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When Miami becomes Venice

December 18, 2009

With Miami receiving a recent downpour we have all realized just how delicate our storm water drainage system is.  The South Florida Water Management District constantly observes and directs our water flows from the Everglades to the Atlantic.  This system which has created canals and outflows throughout South Florida primarily relies on gravity to do the work.  However in midst of major storms and rising seas when will we be relying on pumps such as New Orleans, and when will Miami become the next Venice?

It has been calculated and reported that after a 1′ rise in sea level (expected around 2040) that 70% of our outflow production would be cut and we would need to rely on pump stations to do the work.  Already during a high tide in conjunction with a full moon there is noticeable street flooding.  (Alton Road in Miami Beach)  What most people fail to think of is when the sea level rises so will our water table as it searches for equilibrium.  With a higher water table we will have more frequent flooding in low-lying areas of Miami on top of shoreline flooding.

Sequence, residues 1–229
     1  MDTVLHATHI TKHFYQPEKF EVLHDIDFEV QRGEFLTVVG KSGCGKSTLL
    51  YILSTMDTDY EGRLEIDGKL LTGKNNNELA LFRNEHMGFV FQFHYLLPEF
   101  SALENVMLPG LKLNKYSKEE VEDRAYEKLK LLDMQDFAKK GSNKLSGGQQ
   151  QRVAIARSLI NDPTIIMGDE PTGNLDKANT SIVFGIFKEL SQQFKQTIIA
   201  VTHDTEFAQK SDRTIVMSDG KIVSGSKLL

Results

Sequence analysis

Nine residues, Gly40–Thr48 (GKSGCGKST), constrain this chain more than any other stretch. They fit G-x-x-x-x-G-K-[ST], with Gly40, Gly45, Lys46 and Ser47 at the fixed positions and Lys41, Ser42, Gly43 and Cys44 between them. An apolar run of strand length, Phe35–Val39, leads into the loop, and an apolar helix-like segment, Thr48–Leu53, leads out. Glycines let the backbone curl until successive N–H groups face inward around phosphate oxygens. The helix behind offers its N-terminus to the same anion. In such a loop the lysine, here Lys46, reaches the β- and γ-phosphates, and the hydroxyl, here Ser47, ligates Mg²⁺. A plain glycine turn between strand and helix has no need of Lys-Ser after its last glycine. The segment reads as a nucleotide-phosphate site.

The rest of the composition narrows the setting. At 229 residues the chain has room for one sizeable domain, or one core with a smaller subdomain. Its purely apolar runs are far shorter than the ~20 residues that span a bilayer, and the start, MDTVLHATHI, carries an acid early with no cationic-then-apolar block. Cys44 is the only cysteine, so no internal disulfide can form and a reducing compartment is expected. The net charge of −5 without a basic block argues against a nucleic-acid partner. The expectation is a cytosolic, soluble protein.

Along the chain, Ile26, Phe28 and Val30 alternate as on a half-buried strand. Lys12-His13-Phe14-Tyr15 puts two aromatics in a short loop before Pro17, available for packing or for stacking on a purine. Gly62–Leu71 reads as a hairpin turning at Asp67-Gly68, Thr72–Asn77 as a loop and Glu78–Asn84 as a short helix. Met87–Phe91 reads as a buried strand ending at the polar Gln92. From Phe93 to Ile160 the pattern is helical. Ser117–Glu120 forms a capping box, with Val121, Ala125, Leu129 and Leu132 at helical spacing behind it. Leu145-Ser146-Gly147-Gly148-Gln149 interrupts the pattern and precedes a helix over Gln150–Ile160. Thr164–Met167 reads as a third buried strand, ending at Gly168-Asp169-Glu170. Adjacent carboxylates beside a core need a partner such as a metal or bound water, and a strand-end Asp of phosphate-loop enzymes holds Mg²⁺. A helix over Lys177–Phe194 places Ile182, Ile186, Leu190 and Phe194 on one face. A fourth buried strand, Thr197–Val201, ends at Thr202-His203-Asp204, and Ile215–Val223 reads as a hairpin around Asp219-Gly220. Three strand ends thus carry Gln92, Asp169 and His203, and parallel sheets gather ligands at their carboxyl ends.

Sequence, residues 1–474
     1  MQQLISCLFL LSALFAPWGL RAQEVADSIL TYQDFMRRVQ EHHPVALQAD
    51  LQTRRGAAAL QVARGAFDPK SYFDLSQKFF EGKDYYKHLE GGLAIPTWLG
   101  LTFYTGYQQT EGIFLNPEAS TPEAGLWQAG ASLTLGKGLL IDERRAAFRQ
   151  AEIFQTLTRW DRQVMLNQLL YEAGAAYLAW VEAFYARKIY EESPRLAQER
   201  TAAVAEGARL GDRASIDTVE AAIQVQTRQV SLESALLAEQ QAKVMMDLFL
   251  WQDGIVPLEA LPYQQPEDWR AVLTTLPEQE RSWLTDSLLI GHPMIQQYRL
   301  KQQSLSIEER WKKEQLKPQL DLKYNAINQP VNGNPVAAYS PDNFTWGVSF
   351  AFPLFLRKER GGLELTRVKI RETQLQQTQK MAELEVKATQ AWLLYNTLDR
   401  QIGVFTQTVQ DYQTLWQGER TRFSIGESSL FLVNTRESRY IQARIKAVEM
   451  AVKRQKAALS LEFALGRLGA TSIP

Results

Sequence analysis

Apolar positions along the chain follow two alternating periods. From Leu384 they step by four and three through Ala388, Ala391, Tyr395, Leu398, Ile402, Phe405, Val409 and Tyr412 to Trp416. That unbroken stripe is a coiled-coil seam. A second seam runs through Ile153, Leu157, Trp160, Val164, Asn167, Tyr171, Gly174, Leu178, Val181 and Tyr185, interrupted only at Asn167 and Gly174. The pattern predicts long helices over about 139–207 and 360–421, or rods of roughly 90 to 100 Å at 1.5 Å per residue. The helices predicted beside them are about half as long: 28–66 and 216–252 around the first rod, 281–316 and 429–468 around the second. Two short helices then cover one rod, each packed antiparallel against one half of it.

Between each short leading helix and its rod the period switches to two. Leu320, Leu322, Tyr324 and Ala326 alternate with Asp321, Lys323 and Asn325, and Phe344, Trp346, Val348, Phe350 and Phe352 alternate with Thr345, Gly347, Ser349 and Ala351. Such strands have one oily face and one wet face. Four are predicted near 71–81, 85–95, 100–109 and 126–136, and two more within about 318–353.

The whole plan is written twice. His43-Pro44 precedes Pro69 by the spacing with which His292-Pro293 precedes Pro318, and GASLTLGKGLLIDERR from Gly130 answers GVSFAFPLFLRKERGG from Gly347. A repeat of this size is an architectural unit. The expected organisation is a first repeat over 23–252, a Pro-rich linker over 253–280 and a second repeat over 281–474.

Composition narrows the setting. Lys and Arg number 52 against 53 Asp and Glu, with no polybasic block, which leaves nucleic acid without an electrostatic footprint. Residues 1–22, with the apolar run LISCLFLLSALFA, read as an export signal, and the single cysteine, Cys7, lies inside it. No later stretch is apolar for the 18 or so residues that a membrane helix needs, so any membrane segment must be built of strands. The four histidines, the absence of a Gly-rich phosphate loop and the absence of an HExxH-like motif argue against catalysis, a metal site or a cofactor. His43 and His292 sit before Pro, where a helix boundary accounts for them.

Moving forward….

We need to calculate the critical fail points of our storm water drainage and sewer systems.

We need to begin incentivizing developers to accommodate their own rainfall on site through water retention and permeable surfaces.

Finally, the question nobody wants to answer…

When do we begin devolving certain low-lying areas of Miami and moving residents to more urban settings on high ground close to mass transit?  Push back development from the shoreline?  Are low-lying parts of West Miami-Dade worth saving?  Is Miami Beach worth saving?  Who makes these decisions and on what criteria?

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